The World Bank said it has approved 129 million U.S. dollars in grant financing to expand access to economic and livelihood opportunities for the most vulnerable households in South Sudan and strengthen the effectiveness of the national safety net system.
The lender said in a statement issued Wednesday in Juba, the capital of South Sudan, that the International Development Association (IDA) grant includes 25 million dollars from the IDA19 Window for Host Communities and Refugees (WHR), and 30 million dollars from the Crisis Response Window (CRW).
Firas Raad, World Bank Country Manager for South Sudan said that the new financing will help the government gradually establish a nationally owned safety net program.
“It will also help maintain a predictable and reliable national safety net system in the country and increase citizen confidence in national institutions,” Raad said.
He said the grant will finance the South Sudan Productive Safety Net for Socioeconomic Opportunities Project (SNSOP) which is a unique four-year operation that builds on the experiences of prior projects that helped lay the foundational building blocks of the safety net system in South Sudan.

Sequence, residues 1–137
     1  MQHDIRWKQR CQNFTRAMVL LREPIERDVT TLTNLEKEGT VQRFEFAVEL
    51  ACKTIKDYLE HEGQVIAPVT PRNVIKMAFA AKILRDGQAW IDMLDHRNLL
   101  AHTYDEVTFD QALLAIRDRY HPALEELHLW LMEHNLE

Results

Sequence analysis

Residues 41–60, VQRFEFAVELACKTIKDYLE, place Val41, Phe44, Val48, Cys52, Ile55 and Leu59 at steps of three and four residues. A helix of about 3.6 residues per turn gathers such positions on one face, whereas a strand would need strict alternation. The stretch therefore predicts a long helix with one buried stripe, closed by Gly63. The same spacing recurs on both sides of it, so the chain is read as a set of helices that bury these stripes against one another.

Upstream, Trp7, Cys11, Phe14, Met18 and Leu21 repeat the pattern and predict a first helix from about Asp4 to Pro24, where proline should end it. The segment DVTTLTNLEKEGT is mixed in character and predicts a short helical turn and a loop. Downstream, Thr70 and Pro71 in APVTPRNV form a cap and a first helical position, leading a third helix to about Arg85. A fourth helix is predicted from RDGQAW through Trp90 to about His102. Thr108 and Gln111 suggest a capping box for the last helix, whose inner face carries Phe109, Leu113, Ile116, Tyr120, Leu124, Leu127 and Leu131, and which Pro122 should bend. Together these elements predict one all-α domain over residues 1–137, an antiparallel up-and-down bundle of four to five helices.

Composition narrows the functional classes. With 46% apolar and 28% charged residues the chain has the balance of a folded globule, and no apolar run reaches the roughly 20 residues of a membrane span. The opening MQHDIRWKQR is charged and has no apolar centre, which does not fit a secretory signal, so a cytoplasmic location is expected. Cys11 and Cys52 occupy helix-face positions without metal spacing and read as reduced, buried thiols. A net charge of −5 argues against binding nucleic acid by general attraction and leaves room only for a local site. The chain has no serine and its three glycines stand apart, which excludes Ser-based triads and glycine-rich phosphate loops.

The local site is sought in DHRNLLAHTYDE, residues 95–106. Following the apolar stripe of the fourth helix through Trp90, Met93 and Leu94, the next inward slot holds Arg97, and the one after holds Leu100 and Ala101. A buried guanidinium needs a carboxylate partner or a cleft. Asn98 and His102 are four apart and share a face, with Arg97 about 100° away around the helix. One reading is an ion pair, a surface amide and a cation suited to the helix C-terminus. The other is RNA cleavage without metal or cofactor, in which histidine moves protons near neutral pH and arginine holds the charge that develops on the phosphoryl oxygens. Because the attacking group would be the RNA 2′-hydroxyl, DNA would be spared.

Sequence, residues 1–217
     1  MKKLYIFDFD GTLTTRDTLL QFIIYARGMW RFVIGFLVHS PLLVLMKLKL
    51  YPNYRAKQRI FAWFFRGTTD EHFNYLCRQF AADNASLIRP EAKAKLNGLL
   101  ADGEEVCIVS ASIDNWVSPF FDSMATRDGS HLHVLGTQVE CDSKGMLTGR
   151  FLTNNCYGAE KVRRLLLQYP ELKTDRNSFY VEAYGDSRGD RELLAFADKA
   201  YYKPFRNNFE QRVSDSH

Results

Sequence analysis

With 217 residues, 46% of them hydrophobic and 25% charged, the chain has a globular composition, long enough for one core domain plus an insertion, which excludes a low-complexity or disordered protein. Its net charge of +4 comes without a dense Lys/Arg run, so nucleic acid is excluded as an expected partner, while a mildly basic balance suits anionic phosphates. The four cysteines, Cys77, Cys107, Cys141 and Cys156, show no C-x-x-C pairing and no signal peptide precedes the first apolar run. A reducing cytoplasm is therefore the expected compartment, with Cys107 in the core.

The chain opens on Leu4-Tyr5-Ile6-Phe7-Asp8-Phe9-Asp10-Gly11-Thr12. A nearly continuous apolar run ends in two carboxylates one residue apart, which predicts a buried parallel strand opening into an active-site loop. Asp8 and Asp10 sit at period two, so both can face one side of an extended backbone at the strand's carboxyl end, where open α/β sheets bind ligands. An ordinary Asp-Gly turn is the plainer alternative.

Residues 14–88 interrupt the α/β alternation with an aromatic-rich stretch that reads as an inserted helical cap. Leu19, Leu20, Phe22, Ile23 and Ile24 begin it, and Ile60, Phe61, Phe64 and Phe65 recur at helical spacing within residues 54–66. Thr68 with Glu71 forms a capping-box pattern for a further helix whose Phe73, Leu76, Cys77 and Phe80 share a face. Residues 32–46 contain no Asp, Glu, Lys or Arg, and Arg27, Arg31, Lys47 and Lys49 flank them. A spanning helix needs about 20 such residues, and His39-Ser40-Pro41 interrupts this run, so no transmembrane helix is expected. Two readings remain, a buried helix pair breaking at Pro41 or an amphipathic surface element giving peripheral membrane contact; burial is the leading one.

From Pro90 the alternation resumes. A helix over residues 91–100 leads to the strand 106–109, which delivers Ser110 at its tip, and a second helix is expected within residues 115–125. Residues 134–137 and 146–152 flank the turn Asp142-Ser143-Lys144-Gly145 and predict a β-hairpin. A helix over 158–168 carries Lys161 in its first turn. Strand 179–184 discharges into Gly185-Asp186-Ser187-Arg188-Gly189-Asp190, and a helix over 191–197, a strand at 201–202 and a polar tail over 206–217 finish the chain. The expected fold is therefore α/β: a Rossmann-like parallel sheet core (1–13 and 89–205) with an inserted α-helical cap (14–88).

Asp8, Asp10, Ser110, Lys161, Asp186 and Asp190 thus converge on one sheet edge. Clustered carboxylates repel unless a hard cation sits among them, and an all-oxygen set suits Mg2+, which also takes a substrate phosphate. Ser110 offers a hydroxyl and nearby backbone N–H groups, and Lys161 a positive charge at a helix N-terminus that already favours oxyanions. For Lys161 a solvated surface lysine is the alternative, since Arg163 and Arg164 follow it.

The SNSOP aims to consolidate and deepen the development gains achieved to date, provide access to direct income, and increase social and economic opportunities for the poorest and most vulnerable households.
Josephine Joseph Lagu, South Sudan’s Minister of Agriculture and Food Security said enhancing social and economic opportunities for poor and vulnerable households will contribute to achieving longer-term development outcomes and build their resilience to climate impacts and other shocks.
“It will also make them potential drivers of economic growth, stability, and national transformation in South Sudan,” Joseph said.
According to the World Bank, recent external and economic shocks that include severe flooding, the COVID-19 pandemic, conflict, and macroeconomic instability have disproportionately impacted vulnerable households and deepened existing vulnerabilities in South Sudan.